Incident Name: Cannon Fire on the Humboldt Toiyabe National Forest
Personnel: 3 lives lost
Agency/Organization: Hawkins & Powers of Greybull, WY under contract with the US Forest Service, Sierra Front Interagency Cooperators
Position: aerial firefighters
Steven Ray Wass, Pilot, 43 years
Craig LaBare, Co-Pilot, 37 years
Mike Davis, Engineer, 59 years
Pilot Wass, Co-Pilot LaBare, and Flight Engineer Davis were the crew of a C-130A airtanker fighting a fire near Walker, California. As the aircraft began to pull out from a slurry drop run, the starboard wing came off as the centre wing box failed during. Moments later, the port wing failed. The aircraft rolled, inverted and crashed to earth as fire was ignited in the area of the separated wings. All 3 crew members were killed.
The aircraft involved in this incident was manufactured by Lockheed in 1957 and placed in service by the Air Force. The C-130 is a 4-engine turboprop aircraft. This aircraft began its civil aviation career in 1988. The wildland firefighting version of the C-130A is capable of delivering 3,000 gallons of firefighting agent.
An initial evaluation of the plane's records by the National Transportation Safety Board (NTSB) found that the plane had accumulated over 20,000 flight hours. The wildland fire eventually consumed over 15,000 acres north of Yosemite National Park. In December of 2002, the United States Forest Service permanently grounded all C-130A aircraft in its fleet, as well as the PB4Y-2 aircraft -- 33 aircraft in all. A PB4Y-2 was involved in a fatal crash later in the summer. (from the summary sent in to the USFA Memorial Database)
Steve Wass, Craig LaBare & T-130:
collision with terrain near Walker CA
- Concise Information: NTSB, FAA, USFS, AAP, WLF Staff
- June 17, 2002 - Tanker 130
- 3 killed: Steve Wass, Craig LaBare, Mike Davis
- Operator: Hawkins & Powers of Greybull, WY
- Type: Lockheed C-130A
- collision with terrain near Walker, CA,
- FAA Tail # N130HP
- NTSB # LAX02GA201
- Forest Service Investigations - Fatal Aviation Accident History (1979-2000): Pages 37 & 38 for this incident (285 K pdf) | Entire History (download 4.72 MB pdf)
- National Transportation and Safety Board: Factual Report (77 K pdf)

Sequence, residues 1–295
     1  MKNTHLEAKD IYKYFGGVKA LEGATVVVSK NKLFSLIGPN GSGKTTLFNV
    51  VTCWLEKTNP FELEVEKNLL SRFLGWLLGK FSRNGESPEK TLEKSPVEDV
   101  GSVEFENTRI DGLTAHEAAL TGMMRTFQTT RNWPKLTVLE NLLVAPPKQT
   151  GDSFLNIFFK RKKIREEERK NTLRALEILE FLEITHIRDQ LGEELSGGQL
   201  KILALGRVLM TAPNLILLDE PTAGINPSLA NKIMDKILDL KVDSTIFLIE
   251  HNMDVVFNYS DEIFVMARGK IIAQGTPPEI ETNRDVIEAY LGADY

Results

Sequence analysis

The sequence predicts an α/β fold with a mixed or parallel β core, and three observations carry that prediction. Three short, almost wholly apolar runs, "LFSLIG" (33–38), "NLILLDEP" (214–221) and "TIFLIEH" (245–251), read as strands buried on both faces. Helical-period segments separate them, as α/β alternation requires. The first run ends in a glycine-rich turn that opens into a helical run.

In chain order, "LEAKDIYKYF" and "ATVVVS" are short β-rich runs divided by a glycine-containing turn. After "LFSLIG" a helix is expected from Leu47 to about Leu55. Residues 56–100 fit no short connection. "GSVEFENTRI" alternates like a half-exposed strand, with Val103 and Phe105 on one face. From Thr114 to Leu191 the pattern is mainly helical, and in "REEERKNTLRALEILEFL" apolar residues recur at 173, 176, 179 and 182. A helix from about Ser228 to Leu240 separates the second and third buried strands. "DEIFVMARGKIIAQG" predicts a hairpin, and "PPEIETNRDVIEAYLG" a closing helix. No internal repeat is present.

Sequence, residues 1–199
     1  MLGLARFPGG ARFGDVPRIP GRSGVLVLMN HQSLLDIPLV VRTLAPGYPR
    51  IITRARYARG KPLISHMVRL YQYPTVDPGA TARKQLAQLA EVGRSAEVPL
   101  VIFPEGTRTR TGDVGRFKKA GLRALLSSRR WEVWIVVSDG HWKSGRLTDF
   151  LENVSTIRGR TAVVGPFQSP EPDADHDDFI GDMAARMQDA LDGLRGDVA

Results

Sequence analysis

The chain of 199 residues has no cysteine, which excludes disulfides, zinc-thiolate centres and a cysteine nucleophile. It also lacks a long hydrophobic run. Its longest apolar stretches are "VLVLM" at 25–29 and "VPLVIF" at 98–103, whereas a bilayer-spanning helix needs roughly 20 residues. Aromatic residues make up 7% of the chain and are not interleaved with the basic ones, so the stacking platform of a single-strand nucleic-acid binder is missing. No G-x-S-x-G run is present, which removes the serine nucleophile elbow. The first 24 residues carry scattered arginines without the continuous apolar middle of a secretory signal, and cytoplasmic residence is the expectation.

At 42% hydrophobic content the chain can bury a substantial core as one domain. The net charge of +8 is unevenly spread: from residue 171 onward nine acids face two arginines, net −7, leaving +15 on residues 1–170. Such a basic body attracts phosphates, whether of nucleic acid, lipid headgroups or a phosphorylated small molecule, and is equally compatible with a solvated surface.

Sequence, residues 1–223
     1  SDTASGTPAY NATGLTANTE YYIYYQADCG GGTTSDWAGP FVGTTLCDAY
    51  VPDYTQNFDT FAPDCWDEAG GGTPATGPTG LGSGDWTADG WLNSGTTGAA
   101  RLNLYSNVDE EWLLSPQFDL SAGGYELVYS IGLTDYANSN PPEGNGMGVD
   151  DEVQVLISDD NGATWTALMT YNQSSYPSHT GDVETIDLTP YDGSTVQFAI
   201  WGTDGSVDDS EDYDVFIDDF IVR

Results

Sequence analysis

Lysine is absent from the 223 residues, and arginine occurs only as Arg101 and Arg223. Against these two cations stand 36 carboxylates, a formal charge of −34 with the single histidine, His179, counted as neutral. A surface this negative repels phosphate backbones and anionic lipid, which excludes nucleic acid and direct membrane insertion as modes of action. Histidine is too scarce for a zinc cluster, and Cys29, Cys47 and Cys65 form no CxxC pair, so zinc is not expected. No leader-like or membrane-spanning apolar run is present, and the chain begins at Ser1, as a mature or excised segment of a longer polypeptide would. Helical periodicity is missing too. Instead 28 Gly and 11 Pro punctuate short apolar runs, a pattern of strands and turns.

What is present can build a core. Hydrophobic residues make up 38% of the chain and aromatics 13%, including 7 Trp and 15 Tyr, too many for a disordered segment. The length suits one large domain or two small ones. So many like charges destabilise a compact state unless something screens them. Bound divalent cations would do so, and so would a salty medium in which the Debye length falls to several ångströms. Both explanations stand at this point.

- National Transportation and Safety Board: Probable Cause (html) | Probable Cause (234 K pdf)
The airplane was making a fire retardant drop over a mountain drainage valley when the wings separated from the fuselage. A videotape of the accident sequence showed the airplane as it flew down the valley and proceeded to make a fire retardant drop. When the drop was almost completed, the airplane's nose began moving up, and the airplane started to arrest its descent and level out. The nose of the airplane continued to rise, and the airplane's wings folded upward until they detached from the fuselage at the center wing box beam-to-fuselage attachment location. Close examination of the video revealed that the right wing folded upward first, followed by the left wing about 1 second later. Metallurgical examination of the center wing box lower skin revealed a 12-inch long fatigue crack on the lower surface of the right wing beneath the forward doubler, with two separate fatigue crack initiation sites at stringer attachment rivet holes (which join the external doubler and the internal stringers to the lower skin panel). The cracks from both initiation sites eventually linked up to create a single crack. The portion of the wing skin containing the fatigue crack was covered by a manufacturer-installed doubler, which would have hidden the crack from view and, therefore, prevented detection of the crack from a visual inspection of the exterior of the airplane. The investigation found that the airplane was probably operated within the maximum takeoff gross weight limits specified in the airplane flight manual.
The National Transportation Safety Board determines the probable cause(s) of this accident as follows: the inflight failure of the right wing due to fatigue cracking in the center wing lower skin and underlying structural members. A factor contributing to the accident was inadequate maintenance procedures to detect fatigue cracking.
- NTSB: Accident Summary for N130HP (contents and links posted at Wickisource)
- For more information consult the NTSB website, NTSB Identification: # LAX02GA201
- NTSB Advisory 9/24/2002 with warning about fatigue cracking with photos of cracks.
- Forest Service Investigations - Fatal Aviation Accident History (1979-2000): Pages 37 & 38 for this incident (39 K pdf) | Entire History (download 4.72 MB pdf)
- USFA Memorial Database: Steven Ray Wass | Craig LaBare | Michael Harlow Davis